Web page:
Ecobee's new midrange thermostat, the Smart Thermostat Enhanced, has me a bit stumped. At $190, it has the same updated design as the high-end, but few of the luxury features. Given the shifting trend toward more with similar options, this model won't be worth the splurge for most.
It worked well during my testing and the design changes did improve the usability of the thermostat, but I wouldn't recommend this one unless you specifically want an updated Ecobee thermostat without the built-in Alexa speaker and air quality monitor. That said, you could just get the entry-level Ecobee3 Lite, either as a new model for $150 or certified refurbished for $120 directly from Ecobee's site with many of the same options minus the updated design.
- Updated design
- Remote sensor not included
Trying out the Smart Thermostat Enhanced
Check out my post detailingfor step-by-step instructions to install this model, as the process is the same. In addition, the in-app configuration is identical to the new Ecobee Smart Thermostat Premium, which I discuss more .
A couple things to keep in mind: The Smart Thermostat Enhanced requires either a C-wire or the installation of an included C-wire adapter to function. Follow Ecobee's tutorial to learn more about that process. Installation time will vary based on whether you need to drill new holes or patch and paint any old ones -- and whether or not you need to install Ecobee's C-wire adapter.
Like the Smart Thermostat Premium ($250), the Smart Thermostat Enhanced has a larger display, new on-screen design and updated menu layout. These changes improve the usability of the thermostat by making information easier to find and easier to read. This model doesn't have the new zinc body offered on the Premium, though. Instead, it kept the same white plastic body of previous versions.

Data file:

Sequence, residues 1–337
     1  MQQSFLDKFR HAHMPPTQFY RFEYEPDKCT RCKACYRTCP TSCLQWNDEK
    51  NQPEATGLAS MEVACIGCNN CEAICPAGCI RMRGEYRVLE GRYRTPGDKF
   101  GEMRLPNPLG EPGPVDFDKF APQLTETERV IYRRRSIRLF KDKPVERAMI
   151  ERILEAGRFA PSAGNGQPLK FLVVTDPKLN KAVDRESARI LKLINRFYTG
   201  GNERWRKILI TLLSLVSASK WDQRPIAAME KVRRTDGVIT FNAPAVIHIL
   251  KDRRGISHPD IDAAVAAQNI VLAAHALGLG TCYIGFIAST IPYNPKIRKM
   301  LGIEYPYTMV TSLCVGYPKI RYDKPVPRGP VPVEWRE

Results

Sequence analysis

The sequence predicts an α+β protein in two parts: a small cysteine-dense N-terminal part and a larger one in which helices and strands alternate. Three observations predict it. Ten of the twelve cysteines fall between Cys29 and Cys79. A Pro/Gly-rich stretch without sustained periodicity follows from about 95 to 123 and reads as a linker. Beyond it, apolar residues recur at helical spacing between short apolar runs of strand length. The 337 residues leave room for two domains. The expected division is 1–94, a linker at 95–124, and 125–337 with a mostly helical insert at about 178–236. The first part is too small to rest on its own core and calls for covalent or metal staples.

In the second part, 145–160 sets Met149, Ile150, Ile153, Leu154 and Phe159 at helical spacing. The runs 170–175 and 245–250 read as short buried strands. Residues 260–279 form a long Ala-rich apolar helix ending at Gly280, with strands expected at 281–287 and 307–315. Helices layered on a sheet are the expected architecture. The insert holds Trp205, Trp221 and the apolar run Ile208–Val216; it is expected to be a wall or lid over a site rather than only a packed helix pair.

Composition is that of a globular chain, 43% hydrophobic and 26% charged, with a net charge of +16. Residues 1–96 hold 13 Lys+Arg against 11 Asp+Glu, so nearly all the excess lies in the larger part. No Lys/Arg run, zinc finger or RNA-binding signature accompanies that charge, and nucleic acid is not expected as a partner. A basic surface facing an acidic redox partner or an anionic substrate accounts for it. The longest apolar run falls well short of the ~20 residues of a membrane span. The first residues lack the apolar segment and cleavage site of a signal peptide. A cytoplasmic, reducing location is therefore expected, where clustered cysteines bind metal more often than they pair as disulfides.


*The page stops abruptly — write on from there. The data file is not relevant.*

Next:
The Enhanced also offers the updated radar sensor available on the Premium thermostat. Ecobee claims this shift from the standard passive infrared sensor to the radar sensor improves the accuracy of its Home/Away predictions. I wasn't able to test the old passive infrared model alongside the Enhanced to see if the radar sensor really does detect occupancy and motion more effectively. However, I never experienced any issues with the thermostat's Home/Away settings, where other smart thermostats I've tested sometimes switched to Away mode while I was still home.
Also, while the Enhanced is compatible with Ecobee's remote temperature-and-motion-sensing SmartSensor, it isn't included with your purchase. Instead, you can buy them separately in a pack of two for $100. This smart thermostat doesn't offer a built-in air quality sensor or Alexa speaker, either. But it does support , and voice commands if you have a compatible smart speaker or display.
For $190 the Ecobee Smart Thermostat Enhanced is a fine thermostat, but it just doesn't do enough. With the industry shift toward more affordable models that offer a similar lineup of features, nearly 200 bucks no longer feels "midrange." The design updates did add value to this model, and, while I didn't compare the radar sensor with the passive infrared sensor offered on past iterations, I didn't have any issues with my thermostat switching to Away mode while I was home.
Even so, this model really only makes sense if you specifically want Ecobee's updated design sans the integrated Alexa speaker or air quality monitor on the $250 Ecobee Smart Thermostat Premium. If those design updates don't matter to you too much, but you still want to stick with Ecobee, consider the Ecobee3 Lite instead. Otherwise, take a look at our lists of and for more options.